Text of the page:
We walked to the base of the Solheimajokull Glacier which was a highlight of the day. Even though we couldn’t hike it without a guide, it was great to see it up close.
The one thing we would take off the list in future was our trip to see the downed plane Solheimasandur. In March of 2016 (one month before we were there), they closed off the driving path to get to it, and what we thought was a 10 or 15 minute walk to the plane was actually a 2.2 mile walk. Our trip to see the plane took us over 2 hours! It was cool, but not cool enough for that.
We stopped in Vik for an Icelandic hotdog and then spent some time on the black sand beach at Reynisfjara. This was one of my favorite spots in all of Iceland! I wanted to spend a lot more time there and so wished we hadn’t spent two hours seeing the plane so that I could go to the cafe, grab some coffee, and just sit on the black sand and listen to the waves and stare at the basalt formations.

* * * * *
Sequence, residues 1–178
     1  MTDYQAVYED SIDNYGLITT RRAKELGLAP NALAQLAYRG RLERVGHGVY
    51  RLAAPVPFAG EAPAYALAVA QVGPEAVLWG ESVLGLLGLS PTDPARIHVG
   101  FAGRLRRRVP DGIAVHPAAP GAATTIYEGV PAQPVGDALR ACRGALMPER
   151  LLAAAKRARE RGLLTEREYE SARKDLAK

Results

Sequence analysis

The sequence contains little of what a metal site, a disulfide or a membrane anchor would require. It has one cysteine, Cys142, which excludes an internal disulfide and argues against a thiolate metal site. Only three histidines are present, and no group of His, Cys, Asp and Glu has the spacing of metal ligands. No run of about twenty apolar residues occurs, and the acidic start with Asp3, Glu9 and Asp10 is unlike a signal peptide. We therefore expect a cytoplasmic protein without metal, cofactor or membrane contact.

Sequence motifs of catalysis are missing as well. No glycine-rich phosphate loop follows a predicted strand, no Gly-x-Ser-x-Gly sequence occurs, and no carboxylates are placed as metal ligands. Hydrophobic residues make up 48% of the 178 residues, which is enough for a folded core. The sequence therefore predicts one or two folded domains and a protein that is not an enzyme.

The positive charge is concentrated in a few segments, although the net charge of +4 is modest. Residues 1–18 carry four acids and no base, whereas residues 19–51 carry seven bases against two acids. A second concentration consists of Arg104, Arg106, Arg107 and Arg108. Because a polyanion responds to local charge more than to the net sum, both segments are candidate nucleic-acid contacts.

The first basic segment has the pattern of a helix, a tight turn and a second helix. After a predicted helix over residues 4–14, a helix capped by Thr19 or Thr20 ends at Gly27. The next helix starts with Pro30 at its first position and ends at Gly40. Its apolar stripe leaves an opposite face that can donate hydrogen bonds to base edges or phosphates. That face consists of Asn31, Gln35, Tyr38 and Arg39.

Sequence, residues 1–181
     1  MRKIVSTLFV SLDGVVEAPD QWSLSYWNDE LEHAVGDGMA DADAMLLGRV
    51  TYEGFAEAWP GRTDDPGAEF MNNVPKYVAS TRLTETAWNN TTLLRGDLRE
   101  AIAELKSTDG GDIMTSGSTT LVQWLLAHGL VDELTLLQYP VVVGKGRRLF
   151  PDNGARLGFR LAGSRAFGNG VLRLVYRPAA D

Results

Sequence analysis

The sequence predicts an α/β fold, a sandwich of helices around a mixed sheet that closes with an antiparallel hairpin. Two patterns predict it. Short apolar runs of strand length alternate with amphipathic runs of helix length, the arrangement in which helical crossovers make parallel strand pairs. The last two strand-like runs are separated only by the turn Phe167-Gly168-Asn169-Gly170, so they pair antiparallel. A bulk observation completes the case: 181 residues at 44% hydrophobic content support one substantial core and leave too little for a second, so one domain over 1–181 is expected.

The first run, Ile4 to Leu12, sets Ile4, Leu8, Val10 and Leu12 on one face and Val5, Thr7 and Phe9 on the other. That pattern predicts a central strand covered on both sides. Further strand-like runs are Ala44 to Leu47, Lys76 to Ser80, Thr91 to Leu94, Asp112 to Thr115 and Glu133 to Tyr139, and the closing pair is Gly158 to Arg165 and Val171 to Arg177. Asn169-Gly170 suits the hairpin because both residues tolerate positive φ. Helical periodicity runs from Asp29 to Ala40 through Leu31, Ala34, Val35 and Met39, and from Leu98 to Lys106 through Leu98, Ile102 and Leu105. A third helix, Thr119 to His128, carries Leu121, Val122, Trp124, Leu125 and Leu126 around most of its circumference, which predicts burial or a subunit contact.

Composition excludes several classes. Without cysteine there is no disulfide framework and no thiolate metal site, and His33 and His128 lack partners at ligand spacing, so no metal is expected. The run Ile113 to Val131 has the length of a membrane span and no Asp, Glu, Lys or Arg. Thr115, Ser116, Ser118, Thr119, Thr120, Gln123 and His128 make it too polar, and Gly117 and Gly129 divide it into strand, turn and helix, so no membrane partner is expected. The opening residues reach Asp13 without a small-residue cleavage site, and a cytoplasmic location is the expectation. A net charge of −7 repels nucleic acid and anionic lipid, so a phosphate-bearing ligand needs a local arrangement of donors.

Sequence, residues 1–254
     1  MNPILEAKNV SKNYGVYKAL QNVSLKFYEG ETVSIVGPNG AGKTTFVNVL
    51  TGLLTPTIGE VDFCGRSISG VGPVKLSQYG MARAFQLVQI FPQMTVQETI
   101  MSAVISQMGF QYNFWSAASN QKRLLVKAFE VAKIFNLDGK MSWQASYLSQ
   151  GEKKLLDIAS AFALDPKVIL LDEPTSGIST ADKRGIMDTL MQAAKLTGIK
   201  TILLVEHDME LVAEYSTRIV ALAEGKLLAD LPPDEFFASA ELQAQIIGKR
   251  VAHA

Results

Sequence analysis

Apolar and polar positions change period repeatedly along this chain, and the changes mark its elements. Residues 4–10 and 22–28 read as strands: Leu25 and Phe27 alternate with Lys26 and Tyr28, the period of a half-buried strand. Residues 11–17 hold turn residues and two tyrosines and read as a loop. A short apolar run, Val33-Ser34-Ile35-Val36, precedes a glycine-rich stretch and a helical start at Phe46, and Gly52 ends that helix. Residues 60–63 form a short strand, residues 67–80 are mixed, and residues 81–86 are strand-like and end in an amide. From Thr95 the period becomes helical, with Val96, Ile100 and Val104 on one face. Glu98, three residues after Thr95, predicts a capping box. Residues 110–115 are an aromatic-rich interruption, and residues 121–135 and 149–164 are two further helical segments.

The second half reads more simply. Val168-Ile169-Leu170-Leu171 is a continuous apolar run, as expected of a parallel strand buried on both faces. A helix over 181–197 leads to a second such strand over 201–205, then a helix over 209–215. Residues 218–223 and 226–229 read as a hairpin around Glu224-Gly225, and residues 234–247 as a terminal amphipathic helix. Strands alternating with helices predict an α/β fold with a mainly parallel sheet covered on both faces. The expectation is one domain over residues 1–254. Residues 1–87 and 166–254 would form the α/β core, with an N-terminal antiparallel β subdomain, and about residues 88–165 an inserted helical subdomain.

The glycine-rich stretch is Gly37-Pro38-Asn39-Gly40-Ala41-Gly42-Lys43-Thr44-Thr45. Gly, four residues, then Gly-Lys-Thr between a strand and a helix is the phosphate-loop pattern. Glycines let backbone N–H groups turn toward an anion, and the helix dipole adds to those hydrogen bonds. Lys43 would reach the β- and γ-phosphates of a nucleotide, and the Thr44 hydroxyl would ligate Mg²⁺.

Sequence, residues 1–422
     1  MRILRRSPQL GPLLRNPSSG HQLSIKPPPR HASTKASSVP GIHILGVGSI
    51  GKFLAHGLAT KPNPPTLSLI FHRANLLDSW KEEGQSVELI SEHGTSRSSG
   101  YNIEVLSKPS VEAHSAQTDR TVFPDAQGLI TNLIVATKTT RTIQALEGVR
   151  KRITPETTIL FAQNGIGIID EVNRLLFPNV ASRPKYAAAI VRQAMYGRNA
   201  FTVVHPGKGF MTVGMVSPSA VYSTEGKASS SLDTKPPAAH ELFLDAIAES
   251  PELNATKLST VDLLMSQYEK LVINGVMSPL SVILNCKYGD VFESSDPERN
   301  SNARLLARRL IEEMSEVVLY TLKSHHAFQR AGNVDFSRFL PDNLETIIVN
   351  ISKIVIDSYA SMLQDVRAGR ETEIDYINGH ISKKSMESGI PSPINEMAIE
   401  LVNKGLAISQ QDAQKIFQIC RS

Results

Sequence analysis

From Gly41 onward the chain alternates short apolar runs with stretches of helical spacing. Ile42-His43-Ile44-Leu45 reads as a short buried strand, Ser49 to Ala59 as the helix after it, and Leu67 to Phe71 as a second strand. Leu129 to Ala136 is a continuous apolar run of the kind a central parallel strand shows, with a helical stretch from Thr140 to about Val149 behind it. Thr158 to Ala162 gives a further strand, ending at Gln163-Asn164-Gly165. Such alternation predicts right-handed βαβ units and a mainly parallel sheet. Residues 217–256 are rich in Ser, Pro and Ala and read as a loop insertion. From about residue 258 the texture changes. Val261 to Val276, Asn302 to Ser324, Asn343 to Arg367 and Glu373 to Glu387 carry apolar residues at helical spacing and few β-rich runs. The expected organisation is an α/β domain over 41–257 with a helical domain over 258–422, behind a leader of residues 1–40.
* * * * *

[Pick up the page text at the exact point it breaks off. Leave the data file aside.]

On the drive back, we stopped at Skogafoss waterfall–my favorite waterfall of the trip. Then we went for a swim at the Seljavaullaug hidden pool. This was a wonderful place to stop for a dip in a warm pool and a view of the surrounding mountains.
We finished off the day with dinner in Selfoss. There were a number of good restaurants, and it was a good stop on the way back!
Day 5 – Slow down and take it in.
Our flight left the airport around 6pm on Day 5, and I didn’t make any big plans for the day before that. I’m so glad I didn’t because after three days of non-stop roadtrips, all I wanted to do was just relax and soak in the atmosphere before having to leave this amazing country.